Algerian President Abdelaziz Bouteflika (pictured) was being treated at a Paris hospital on Sunday after suffering a minor stroke, the state news agency reported.
Algerian President Abdelaziz Bouteflika has been transferred to France for further medical tests after suffering a minor stroke on Saturday, Algeria's official news agency said.
The APS agency said late on Saturday that Bouteflika, 76, was in Paris at the recommendation of his doctors.
He was hospitalised after a minor stroke, according to an earlier state press agency report that quoted the prime minister as saying his condition was "not serious."
The health of Bouteflika is a central factor in the stability of the oil-exporting country of 37 million people that is emerging from a long conflict against Islamist insurgents.
APS said Bouteflika had an "ischemic transitory attack," or mini-stroke, at 12:30 p.m. (1130 GMT) on Saturday.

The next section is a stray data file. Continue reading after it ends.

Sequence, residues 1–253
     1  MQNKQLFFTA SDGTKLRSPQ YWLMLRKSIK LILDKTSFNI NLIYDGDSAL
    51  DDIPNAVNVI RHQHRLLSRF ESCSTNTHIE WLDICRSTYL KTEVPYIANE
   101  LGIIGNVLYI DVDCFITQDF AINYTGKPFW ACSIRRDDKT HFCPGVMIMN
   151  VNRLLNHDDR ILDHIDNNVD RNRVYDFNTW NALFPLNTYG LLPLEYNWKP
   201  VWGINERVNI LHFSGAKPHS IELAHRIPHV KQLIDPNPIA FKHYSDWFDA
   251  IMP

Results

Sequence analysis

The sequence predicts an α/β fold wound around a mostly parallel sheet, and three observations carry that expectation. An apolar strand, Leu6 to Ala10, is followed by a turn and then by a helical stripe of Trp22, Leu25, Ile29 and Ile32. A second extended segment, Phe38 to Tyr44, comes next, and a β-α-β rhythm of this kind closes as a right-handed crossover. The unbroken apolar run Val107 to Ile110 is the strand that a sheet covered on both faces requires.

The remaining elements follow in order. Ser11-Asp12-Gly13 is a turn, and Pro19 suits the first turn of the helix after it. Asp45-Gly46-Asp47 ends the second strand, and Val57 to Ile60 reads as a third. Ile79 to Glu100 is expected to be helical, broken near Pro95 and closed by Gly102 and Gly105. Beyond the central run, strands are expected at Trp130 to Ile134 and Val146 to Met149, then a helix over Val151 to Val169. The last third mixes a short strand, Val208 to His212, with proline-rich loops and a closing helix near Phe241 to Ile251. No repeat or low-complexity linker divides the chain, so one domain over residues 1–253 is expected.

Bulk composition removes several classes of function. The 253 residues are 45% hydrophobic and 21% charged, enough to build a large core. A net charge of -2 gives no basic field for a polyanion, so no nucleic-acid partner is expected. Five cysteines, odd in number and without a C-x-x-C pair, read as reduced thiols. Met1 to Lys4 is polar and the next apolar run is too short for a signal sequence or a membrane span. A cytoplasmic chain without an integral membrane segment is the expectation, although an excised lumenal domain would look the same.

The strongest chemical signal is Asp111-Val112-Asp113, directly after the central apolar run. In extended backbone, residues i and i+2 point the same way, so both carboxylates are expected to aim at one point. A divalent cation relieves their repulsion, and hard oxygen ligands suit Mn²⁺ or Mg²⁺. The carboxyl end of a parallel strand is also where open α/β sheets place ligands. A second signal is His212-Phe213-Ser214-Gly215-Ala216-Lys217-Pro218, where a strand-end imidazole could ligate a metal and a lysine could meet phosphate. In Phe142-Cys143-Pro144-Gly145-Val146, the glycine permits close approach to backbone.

"A few hours ago, the president felt unwell and he has been hospitalised but his condition is not serious at all," Prime Minister Abdelmalek Sellal was quoted as saying.
Elected in 1999, Bouteflika is a member of a generation of leaders who have ruled Algeria since winning independence from France in a 1954-62 war.
They also defeated Islamist insurgents in the 1990s and saw off the challenge of Arab Spring protests two years ago, with Bouteflika's government defusing unrest through pay rises and free loans for young people.
Bouteflika has served three terms as president and is thought unlikely to seek a fourth at an election due in 2014. Leaked U.S. diplomatic cables said in 2011 that Bouteflika had been suffering from cancer, but that it was in remission.
It is unknown who might take over Africa's biggest country by land area, an OPEC oil producer that supplies a fifth of Europe's gas imports and cooperates with the West in combating Islamist militancy.
More than 70 percent of Algerians are under 30. About 21 percent of young people are unemployed, the International Monetary Fund says, and many are impatient with the gerontocracy ruling a country where jobs, wages and housing are urgent concerns.